Last edited: Nov 26, 2010
  16. MrBrian

    MrBrian Registered Member

  17. Meriadoc

    Meriadoc Registered Member

  18. hawki

    hawki Registered Member


    Nuclear scientist killed in Tehran was Iran's top Stuxnet expert

    Prof. Majid Shahriari, who died when his car was attacked in North Tehran Monday, Nov. 29, headed the team Iran established for combating the Stuxnet virus rampaging through its nuclear and military networks.
    Last edited: Nov 29, 2010
  19. trismegistos

    trismegistos Registered Member

  20. MrBrian

    MrBrian Registered Member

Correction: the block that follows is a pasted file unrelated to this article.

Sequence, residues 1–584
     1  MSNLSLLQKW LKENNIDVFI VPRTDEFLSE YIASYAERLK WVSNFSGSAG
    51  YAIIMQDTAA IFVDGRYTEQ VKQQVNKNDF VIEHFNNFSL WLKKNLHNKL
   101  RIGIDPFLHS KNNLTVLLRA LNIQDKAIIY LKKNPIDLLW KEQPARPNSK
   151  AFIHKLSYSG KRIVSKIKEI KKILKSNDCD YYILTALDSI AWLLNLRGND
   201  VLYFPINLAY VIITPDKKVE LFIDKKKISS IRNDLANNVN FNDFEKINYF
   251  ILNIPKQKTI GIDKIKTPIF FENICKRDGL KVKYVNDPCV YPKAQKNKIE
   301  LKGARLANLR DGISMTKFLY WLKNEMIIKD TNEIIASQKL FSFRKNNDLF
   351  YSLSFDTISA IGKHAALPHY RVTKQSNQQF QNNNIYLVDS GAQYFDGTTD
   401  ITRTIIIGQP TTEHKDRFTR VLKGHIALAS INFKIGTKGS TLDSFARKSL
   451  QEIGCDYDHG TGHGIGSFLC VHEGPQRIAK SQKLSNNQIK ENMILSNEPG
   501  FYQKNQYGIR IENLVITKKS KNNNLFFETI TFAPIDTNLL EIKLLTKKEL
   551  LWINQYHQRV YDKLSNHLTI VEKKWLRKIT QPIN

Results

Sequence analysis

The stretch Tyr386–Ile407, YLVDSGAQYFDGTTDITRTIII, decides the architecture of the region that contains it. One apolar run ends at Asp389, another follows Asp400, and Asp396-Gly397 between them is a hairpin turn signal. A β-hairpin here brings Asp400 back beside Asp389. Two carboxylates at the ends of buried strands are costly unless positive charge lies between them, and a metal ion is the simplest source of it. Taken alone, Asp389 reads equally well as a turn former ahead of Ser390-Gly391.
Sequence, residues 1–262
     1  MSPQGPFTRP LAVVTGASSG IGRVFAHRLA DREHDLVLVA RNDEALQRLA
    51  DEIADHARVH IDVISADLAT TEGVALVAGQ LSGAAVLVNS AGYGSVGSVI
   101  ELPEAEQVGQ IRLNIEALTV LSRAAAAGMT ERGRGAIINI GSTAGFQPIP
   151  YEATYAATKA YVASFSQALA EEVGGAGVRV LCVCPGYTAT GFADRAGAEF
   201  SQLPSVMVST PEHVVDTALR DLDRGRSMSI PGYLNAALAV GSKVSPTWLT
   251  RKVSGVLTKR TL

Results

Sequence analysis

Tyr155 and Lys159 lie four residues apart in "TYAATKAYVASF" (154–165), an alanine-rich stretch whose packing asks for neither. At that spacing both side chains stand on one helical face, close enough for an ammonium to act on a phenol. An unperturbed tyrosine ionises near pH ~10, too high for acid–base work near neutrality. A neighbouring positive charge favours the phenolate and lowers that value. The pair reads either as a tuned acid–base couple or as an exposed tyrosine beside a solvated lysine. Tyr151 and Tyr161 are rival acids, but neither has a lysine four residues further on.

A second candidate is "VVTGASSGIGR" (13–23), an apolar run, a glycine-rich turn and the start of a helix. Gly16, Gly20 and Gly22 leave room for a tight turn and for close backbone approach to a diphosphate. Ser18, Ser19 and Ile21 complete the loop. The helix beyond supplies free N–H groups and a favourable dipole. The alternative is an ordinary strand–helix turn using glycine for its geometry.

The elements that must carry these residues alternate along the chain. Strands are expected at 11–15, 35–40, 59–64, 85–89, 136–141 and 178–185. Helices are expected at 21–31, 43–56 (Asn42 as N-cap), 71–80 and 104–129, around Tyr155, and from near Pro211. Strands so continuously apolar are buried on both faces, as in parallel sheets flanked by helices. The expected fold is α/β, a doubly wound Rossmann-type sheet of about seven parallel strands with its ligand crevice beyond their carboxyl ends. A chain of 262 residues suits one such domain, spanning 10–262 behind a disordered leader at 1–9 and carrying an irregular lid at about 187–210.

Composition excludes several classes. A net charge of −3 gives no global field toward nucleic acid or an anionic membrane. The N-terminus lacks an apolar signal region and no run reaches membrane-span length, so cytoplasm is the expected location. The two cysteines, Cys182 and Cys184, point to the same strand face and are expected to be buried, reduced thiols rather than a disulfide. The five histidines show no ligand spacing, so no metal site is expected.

21. Serapis

    Serapis Registered Member

  22. JRViejo

    JRViejo Global Moderator

    Merged Threads to Continue Same Topic!
  23. Baserk

    Baserk Registered Member

    Stuxnet’s Finnish-Chinese Connection

    "A third important piece of the puzzle, which I’ll discuss later in this article, directly connects a Chinese antivirus company which writes their own viruses with the Stuxnet worm.
    ..based solely on the known facts, I consider China to be the most likely candidate for Stuxnet’s origin.

    From Jeffrey Carr's 'China-scenario' article in Forbes. link
  24. TheGyre

    TheGyre Registered Member

  25. CloneRanger

    CloneRanger Registered Member

    @ TheGyre

    Thanks for posting this :thumb: I was just about to ;)